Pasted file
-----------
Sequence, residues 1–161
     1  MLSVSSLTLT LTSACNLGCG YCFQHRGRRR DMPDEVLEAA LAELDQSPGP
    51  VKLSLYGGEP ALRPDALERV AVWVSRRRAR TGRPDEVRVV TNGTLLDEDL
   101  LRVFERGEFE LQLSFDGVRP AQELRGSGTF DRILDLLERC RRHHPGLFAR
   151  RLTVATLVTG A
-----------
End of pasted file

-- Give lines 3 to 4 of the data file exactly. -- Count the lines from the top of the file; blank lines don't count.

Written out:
    51  VKLSLYGGEP ALRPDALERV AVWVSRRRAR TGRPDEVRVV TNGTLLDEDL
   101  LRVFERGEFE LQLSFDGVRP AQELRGSGTF DRILDLLERC RRHHPGLFAR